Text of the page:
Christopher W. Callahan, Ph.D. Student in Climate Science, Dartmouth College and Justin S. Mankin, Assistant Professor of Geography, Dartmouth College

This article is republished from The Conversation under a Creative Commons license. Read the original article.

6 former Phillies have died of brain cancer. New report reveals a concerning link

Read the full story from Penn Live.

The alarm bells were ringing long before David West’s death last May, but when the pitcher passed away it was almost like a final straw.

He was the sixth former Philadelphia Phillies player to die from brain cancer, and the discussion went national.

Dr. Marc Siegel told “Fox and Friends” shortly after West’s death that an investigation needed to be done.

“It’s a cluster, and it needs to be examined,” he said. “The amount of incidents of deadly brain cancer are about three out of 100,000. This is three or four times that or more.”

The Philadelphia Inquirer did just that in an investigative piece Tuesday that was titled “Field of Dread.” It is an excellent read, and anyone interested in the in-depth investigation should check it out, here.

At the heart of the piece was the turf field that was used at Veterans Stadium. The Inquirer found pieces of the old turf, which were sold as souvenirs, and purchased them online. The newspaper then had those pieces of turf tested by two different labs.

And they found something sinister in the fake grass which they say was produced by Monsanto.

Forever chemicals.

What’s the carbon footprint of March Madness?

The environmental cost of that ticket is high. AP Photo/Butch Dill

by Brian P. McCullough, Texas A&M University


March Madness means 68 teams vying to become champion, Cinderella runs for a few underdogs and big business for the NCAA, which earns 85% of its annual operating budget during the men’s basketball tournament.

But all of that comes at a tremendous cost: An estimated 463 million pounds (210 million kilograms) of carbon dioxide equivalent emissions are released into the atmosphere during the three-week event. That’s similar to all the emissions of a large university – such as 2019 champion University of Virginia – for an entire year.

These greenhouse gas emissions warm the planet, contributing to heat waves, sea level rise and extreme weather. Carbon dioxide equivalent is a way of measuring the impact of several different greenhouse gases at once.

Crunching carbon for large-scale event

A colleague, Alex Cooper, and I came up with this figure based on data for the 2019 NCAA Tournament.

Past research on the carbon footprint of sporting events has primarily focused on one-city events, such as the Football Association Challenge Cup in the U.K. and centralized events like the Olympics. Little prior research has sought to determine the environmental impact of a large-scale sporting event like the NCAA’s men’s basketball tournament.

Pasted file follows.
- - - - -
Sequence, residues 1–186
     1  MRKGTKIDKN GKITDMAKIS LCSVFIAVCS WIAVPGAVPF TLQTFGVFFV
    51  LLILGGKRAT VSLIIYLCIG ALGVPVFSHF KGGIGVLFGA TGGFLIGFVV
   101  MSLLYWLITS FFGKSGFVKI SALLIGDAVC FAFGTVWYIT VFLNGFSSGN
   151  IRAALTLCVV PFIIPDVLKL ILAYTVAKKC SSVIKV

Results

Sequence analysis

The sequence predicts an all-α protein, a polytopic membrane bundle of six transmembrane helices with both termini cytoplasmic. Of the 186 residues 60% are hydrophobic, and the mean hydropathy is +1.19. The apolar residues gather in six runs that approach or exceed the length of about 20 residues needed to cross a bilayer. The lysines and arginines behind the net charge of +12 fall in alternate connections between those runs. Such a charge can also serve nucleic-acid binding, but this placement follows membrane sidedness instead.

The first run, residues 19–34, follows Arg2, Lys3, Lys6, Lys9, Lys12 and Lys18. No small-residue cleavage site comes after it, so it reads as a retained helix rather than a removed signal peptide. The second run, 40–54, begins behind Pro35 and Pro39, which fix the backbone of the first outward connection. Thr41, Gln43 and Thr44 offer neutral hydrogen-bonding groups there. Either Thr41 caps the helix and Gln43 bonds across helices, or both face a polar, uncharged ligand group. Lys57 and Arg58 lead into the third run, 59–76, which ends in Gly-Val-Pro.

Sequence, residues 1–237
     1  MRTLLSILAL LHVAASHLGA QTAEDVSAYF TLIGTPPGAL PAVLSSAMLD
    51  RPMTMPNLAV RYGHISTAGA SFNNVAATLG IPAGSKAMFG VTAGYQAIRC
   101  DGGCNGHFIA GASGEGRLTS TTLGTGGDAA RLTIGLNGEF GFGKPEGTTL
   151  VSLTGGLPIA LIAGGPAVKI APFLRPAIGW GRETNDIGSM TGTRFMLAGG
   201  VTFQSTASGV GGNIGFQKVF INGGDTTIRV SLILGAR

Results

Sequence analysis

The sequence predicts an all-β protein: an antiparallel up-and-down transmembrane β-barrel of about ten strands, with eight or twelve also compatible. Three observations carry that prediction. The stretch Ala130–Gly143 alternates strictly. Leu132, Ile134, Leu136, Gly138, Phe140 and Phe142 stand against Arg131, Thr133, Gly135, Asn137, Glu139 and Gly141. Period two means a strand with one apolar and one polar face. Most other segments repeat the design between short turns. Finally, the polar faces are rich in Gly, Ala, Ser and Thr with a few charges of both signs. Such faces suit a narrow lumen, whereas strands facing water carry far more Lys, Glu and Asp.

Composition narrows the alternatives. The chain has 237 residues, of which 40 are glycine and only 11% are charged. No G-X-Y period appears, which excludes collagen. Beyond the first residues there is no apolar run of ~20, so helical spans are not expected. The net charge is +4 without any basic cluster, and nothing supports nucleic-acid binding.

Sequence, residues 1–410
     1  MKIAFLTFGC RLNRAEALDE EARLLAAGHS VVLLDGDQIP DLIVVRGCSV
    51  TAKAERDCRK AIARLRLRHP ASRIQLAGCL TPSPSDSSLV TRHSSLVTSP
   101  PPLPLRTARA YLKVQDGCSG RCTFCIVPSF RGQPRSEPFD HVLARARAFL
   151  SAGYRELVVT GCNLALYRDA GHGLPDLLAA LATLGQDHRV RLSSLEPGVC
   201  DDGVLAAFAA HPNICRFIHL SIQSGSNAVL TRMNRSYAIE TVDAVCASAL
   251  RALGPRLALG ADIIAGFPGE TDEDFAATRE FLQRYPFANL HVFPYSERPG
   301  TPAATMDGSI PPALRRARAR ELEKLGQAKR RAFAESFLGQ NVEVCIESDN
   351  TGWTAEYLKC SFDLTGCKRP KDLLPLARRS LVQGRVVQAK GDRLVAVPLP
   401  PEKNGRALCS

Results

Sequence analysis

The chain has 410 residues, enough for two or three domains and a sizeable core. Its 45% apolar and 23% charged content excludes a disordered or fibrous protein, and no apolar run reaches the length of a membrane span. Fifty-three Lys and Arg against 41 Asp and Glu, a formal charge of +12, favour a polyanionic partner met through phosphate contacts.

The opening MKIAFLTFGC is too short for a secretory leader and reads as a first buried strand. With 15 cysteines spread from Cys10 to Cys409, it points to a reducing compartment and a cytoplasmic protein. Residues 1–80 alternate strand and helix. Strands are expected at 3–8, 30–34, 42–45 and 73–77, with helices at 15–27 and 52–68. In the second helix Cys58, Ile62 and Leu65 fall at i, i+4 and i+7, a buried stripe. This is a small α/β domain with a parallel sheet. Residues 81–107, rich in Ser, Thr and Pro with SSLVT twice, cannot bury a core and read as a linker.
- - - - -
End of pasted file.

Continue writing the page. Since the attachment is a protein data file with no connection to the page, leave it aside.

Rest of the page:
In addition, when sports organizers do calculate and report emissions for their events, they typically only report what happens at their facility during the event. They don’t consider the environmental impact, for example, of travel to and from the event.

So, we wanted to know, what’s the carbon tally for a huge and popular event like March Madness?

For our peer-reviewed study, which was published in October 2021 in the Journal of Cleaner Production, we aimed to estimate the carbon emissions for all the activities that go into running a massive basketball tournament that takes place in multiple cities across the country in a short span of time. While our estimates are based on 2019, we believe that tournament-generated emissions are comparable to other years, including 2023.

We looked beyond facilities to consider team and fan flight and automobile travel, facility operations, food consumption, waste generation and lodging for everyone based on each team’s progression through the 2019 tournament. We used attendance estimates to determine the impact of hotel stays, fan and team air and automobile travel, waste generation, food consumption and sport facility operations to form our carbon emission model.

Based on our model, we found that this resulted in 463 million pounds of CO2 equivalent emissions. That’s about 1,100 pounds (499 kilograms) for every player, coach and fan who attends. That amount is the same as driving over 1,200 miles (1,930 kilometers) in a typical sedan.

The biggest source of emissions by far was, as you might expect, fan and team travel, which accounted for about 79.95% of the total. The next-largest was hotel stays at 6.83%, followed by food at 6.37%, stadium operations at 5.9% and general waste at 0.95%.

What surprised us most was that the category of travel as a share of the total was lower than in previous studies that analyzed the carbon footprint of sporting events. But that was primarily because, unlike in those other studies, we considered many other aspects of the event, such as lodging, food and waste.

Ways to mitigate impact

So what can the organizers of March Madness – or any tournament, really – do to reduce the carbon footprint?

Since travel makes up so much of that footprint, targeting emissions from long-distance travel, such as flights, may be one of the most effective ways to lower the event’s overall impact, as other researchers have noted.

While travel can’t be completely eliminated for a tournament like the NCAA’s, organizers could consider more regional placements to reduce the distances fans and teams must travel. For example, in 2019, Mississippi State, Liberty, Virginia Tech, Saint Louis and Wisconsin all traveled to San Jose, California. The idea would be for more games to take place regionally to decrease travel distances. This would not only reduce carbon emissions but could also increase profits by making it easier for more fans to attend.

And when evaluating host cities and sites, the NCAA could consider local policies that encourage sustainable hotel operations. For example, during the 2019 tournament, California host sites had more energy-efficient hotel operations, thus reducing the second-highest contributor to overall emissions. The same could be said about selecting arenas and sport facilities that are energy efficient.